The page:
Robert Hass vs. William Carlos Williams, Language vs. Language

The point of a poem is to become wordless…—A. R. Ammons

Weeds often signal neglect, spontaneous testimony that someone hasn’t been attending to her garden. Robert Hass’s poem “Weed” has served that function for me. It’s offered a counter-example to my grand theories about language and weeds, that the word “weed” is always a lazily-named plant—a sign of language’s unrealized potential.  

Hass’s “Weed” shows me that I haven’t been paying sufficient attention to this fascinating linguistic territory. Here’s the poem. Hass begins by riffing on the name of this particular weed, the “horse-parsnip,” explaining that “Horse is Lorca’s word, fierce as wind, / or melancholy, gorgeous, Andalusian.” But this poetic and exotic reading is short lived: “parsnip is hopeless,” states Hass, and to associate these two words with the plant “is history / but conveys nothing.”

The poem contrasts this with Queen Anne’s lace, a name that not only “is history” but also uses that history to “convey” a description of the plant, with the white flowers being the “lace,” and their purple-pink centers being the blood from when Queen Anne pricked her finger while making the lace.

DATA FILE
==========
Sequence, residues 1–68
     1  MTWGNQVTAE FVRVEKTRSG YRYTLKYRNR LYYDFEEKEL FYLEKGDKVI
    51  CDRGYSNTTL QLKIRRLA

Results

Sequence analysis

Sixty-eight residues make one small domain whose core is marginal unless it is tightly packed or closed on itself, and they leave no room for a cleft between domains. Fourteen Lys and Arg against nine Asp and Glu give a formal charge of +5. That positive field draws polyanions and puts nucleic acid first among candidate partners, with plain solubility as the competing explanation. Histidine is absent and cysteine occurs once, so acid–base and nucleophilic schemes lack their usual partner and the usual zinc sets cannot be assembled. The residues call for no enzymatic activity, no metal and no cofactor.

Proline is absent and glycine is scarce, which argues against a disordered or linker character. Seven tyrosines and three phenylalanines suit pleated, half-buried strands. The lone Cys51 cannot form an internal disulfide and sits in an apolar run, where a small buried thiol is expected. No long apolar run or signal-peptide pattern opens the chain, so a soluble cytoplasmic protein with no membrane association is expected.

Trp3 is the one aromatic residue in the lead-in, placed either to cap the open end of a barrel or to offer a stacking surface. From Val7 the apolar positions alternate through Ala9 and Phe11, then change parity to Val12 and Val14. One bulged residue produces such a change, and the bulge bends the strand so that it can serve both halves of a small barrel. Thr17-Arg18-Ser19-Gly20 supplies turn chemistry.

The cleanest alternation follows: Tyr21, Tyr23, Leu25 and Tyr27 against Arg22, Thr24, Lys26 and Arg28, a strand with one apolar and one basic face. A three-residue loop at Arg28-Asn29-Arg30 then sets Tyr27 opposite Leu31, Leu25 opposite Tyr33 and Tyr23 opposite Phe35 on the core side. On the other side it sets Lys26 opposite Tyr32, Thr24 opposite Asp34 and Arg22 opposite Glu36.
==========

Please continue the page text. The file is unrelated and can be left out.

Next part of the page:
That it’s located in New Jersey suggests that this Queen Anne’s lace belongs to William Carlos Williams. In Williams’s poem, the plant serves an analogue for a woman’s body:

Each part
is a blossom under his touch
to which the fibres of her being
stem one by one, each to its end,
until the whole field is a
white desire…

In the context of Hass’s poem, I’d like suggest, the overt sexuality of Williams’s poem models a certain mode of language use, a kind of Edenic naming, where Adam named not only the animals, but also “woman”: “She shall be called Woman,” Adam explains, “because she was taken out of Man” (Gen. 2:23). In other words, “She’s mine.”  For Adam (and for WCW, at least in this poem) names are a form of mastery and possession. So described, it’s hard not to read such naming as gendered and, frankly, sinister: a tool of domination.

But that’s not the sort of naming this poem is interested in. Hass suspends actually stating “horse-parsnip” until the very end of the poem. The poem reads like a riddle whose solution doesn’t much matter. This places “Weed” in similar territory as Hass’s poem “The Problem of Describing Trees”: language that neither names, nor points to something beyond words, but treats language as a weed, removing it from where it does not belong.

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